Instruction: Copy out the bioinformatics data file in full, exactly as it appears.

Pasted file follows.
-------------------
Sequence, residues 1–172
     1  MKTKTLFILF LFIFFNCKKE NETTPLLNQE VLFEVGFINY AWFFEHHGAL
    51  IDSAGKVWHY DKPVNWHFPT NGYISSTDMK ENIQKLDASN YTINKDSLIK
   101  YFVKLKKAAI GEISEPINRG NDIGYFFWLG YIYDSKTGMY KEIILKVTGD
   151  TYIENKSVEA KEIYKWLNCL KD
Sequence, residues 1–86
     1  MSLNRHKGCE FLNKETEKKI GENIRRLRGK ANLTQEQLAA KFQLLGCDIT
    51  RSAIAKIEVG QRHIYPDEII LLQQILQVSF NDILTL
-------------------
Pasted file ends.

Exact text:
Sequence, residues 1–172
     1  MKTKTLFILF LFIFFNCKKE NETTPLLNQE VLFEVGFINY AWFFEHHGAL
    51  IDSAGKVWHY DKPVNWHFPT NGYISSTDMK ENIQKLDASN YTINKDSLIK
   101  YFVKLKKAAI GEISEPINRG NDIGYFFWLG YIYDSKTGMY KEIILKVTGD
   151  TYIENKSVEA KEIYKWLNCL KD
Sequence, residues 1–86
     1  MSLNRHKGCE FLNKETEKKI GENIRRLRGK ANLTQEQLAA KFQLLGCDIT
    51  RSAIAKIEVG QRHIYPDEII LLQQILQVSF NDILTL